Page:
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India eyes Brazil for military hardware, and more
At New Delhi on December 1, visiting Brazilian Defense Minister Jose Veiges Filho and his Indian counterpart George Fernandes signed a defense agreement that will explore the possibilities of cooperating in air-surveillance systems, as well as in exploring co-production and co-development of aircraft, warship building and sub-systems such as software avionics and ordnance, according to Indian Defence News.

The defense agreement was signed during the two-day visit to India by the Brazilian defense minister. A few days earlier, India had finalized the purchase of six executive jets from the Brazilian aviation company Embraer, worth more than US$600 million. Analysts point out that the India-Brazil defense agreement has the potential to go far beyond the purchase of the Embraer jets, and that India's real interest is in procuring the air-surveillance system used in Brazil's SIVAM project. SIVAM, which stands for "System for Vigilance over the Amazon", is a $1.4 billion system that has been designed to provide surveillance of Brazil's immense and relatively underdeveloped Amazon rainforest region.

The objective of the SIVAM project, which was conceived in the 1990s but then ran into funding problems, in addition to its usefulness in the anti-drug war, was to monitor and curb a number of actions detrimental to the environment, specifically in the Amazon region, such as illegal deforestation. As a result, some observers noted, the SIVAM project was supported by environmentalists in agreement with industry executives that the surveillance system could be used for the direct and overt protection of environmental concerns.

The Indian interest in the SIVAM is centered around providing real time information on the illegal cross-border militant infiltration that takes place along the Line of Control in the state of Jammu and Kashmir, which has been a thorny issue between India and Pakistan for more than five decades.

Fernandes, accompanied by the Indian army deputy chief of staff, was in Brazil on a six-day official visit earlier in the year. During that visit, Fernandes learned of the SIVAM project. He also visited the Embraer facilities in Sao Jose de Campos and military establishments in Rio de Janeiro.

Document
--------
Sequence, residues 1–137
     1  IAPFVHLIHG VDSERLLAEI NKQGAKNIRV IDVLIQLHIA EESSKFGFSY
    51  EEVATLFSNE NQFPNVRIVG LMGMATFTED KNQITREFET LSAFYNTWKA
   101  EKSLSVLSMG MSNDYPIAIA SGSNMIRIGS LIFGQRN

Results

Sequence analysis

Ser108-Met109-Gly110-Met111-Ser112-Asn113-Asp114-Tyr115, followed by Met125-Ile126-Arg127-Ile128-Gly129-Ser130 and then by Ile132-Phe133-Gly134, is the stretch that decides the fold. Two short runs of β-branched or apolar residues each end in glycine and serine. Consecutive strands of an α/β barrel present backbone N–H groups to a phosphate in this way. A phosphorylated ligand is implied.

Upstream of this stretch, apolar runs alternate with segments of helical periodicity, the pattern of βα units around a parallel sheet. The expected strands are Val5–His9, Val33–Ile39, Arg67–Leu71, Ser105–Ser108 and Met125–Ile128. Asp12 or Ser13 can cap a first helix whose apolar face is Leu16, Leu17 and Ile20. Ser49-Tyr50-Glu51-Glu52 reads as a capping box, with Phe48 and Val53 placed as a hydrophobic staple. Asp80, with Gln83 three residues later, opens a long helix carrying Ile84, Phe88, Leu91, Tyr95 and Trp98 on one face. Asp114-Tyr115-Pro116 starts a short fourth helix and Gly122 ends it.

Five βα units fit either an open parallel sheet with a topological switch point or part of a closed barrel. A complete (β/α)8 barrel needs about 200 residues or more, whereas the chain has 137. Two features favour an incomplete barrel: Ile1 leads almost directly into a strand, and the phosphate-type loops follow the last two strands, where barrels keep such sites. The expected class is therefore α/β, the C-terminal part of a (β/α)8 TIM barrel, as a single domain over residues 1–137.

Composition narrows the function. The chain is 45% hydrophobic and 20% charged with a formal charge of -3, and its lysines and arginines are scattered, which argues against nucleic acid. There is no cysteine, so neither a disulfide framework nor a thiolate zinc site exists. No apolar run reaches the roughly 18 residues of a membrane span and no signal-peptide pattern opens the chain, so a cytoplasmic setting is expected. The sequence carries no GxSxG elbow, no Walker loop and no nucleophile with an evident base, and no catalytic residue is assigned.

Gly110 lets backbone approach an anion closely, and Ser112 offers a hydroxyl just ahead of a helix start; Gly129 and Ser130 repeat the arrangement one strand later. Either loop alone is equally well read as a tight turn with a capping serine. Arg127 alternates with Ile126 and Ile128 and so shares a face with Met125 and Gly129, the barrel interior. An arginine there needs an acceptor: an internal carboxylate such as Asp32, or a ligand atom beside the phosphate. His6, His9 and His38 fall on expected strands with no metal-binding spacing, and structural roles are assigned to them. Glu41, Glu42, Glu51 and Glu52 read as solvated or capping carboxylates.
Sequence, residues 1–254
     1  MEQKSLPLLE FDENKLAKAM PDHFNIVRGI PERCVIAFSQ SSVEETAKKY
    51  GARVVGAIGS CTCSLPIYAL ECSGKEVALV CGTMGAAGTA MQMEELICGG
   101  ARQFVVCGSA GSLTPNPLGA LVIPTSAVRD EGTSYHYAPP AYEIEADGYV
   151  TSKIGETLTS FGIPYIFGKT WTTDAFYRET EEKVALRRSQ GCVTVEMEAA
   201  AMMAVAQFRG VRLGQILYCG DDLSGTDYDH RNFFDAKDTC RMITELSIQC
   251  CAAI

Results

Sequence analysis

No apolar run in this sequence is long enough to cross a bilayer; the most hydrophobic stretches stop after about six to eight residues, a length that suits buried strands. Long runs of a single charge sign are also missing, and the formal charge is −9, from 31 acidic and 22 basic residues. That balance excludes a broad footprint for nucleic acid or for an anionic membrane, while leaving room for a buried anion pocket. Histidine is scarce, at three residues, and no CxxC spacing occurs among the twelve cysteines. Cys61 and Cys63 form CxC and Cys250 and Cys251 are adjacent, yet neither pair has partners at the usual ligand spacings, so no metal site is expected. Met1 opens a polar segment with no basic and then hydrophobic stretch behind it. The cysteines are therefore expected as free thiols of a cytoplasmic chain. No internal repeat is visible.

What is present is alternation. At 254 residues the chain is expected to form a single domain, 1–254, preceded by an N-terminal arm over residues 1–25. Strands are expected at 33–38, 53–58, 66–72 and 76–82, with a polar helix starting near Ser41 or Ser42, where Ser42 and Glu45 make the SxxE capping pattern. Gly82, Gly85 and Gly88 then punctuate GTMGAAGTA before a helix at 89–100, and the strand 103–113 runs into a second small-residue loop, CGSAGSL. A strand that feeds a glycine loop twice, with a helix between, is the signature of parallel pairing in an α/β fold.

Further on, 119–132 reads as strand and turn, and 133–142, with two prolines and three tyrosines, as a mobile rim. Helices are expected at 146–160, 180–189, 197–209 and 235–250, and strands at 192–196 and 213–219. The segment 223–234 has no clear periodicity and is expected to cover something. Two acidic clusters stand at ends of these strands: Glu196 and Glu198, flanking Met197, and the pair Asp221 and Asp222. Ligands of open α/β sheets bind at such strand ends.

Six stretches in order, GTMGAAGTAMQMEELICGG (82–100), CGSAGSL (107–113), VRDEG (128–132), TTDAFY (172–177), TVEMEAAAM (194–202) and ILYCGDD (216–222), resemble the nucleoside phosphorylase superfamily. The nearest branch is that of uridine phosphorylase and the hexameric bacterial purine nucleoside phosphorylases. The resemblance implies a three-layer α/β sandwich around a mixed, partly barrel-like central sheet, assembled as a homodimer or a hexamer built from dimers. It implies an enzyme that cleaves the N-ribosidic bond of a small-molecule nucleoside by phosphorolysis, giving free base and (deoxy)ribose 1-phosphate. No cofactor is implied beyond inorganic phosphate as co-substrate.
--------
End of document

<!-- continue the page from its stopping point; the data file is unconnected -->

On July 25, 2002, Brazil's then president Henrique Cardoso inaugurated the SIVAM's initial operating ability, developed by Embraer and another Brazilian firm, ATECH, in cooperation with the US corporation Raytheon. Raytheon-supplied sensors - including synthetic aperture radars, multispectral scanners, optical infrared sensors, high frequency direction finding equipment and communications and non-communications exploitation gear - have been installed onto three remote sensing aircraft, modified versions of the Embraer ERJ-145. SIVAM's air traffic controls (ATC) and associated airspace surveillance provide Brazil, for the first time, with a comprehensive monitoring capability throughout the region. The system will contain 14 state-of-the-art Raytheon fixed base air traffic control radars and six transportable radars, supplemented by five existing government-furnished ATC radars.

These ground-based radars are augmented by five newly developed SIVAM airborne radars, also adapted ERJ-145s, outfitted with Raytheon and Swedish sensors. Collectively these radars provide an area-wide monitoring capability permitting vastly enhanced counter-smuggling, border surveillance and law enforcement operations over an area the size of the United States west of the Mississippi.

Besides the SIVAM project, which has definitely interested New Delhi, India is keen to develop its own airborne early warning and control (AEW&C) system and install it on the Russia-supplied IL-76 frame. This is where Brazil surely can step in and help. The top AEW&C players in the US include Northrop Grumman, the Boeing Company and the Raytheon Company. Several other nations, such as Brazil, Israel, France, Britain, Sweden, the United Arab Emirates (UAE), Russia and China, however, have developed their own products and have begun to compete in what has heretofore been a US monopoly in the AEW&C market.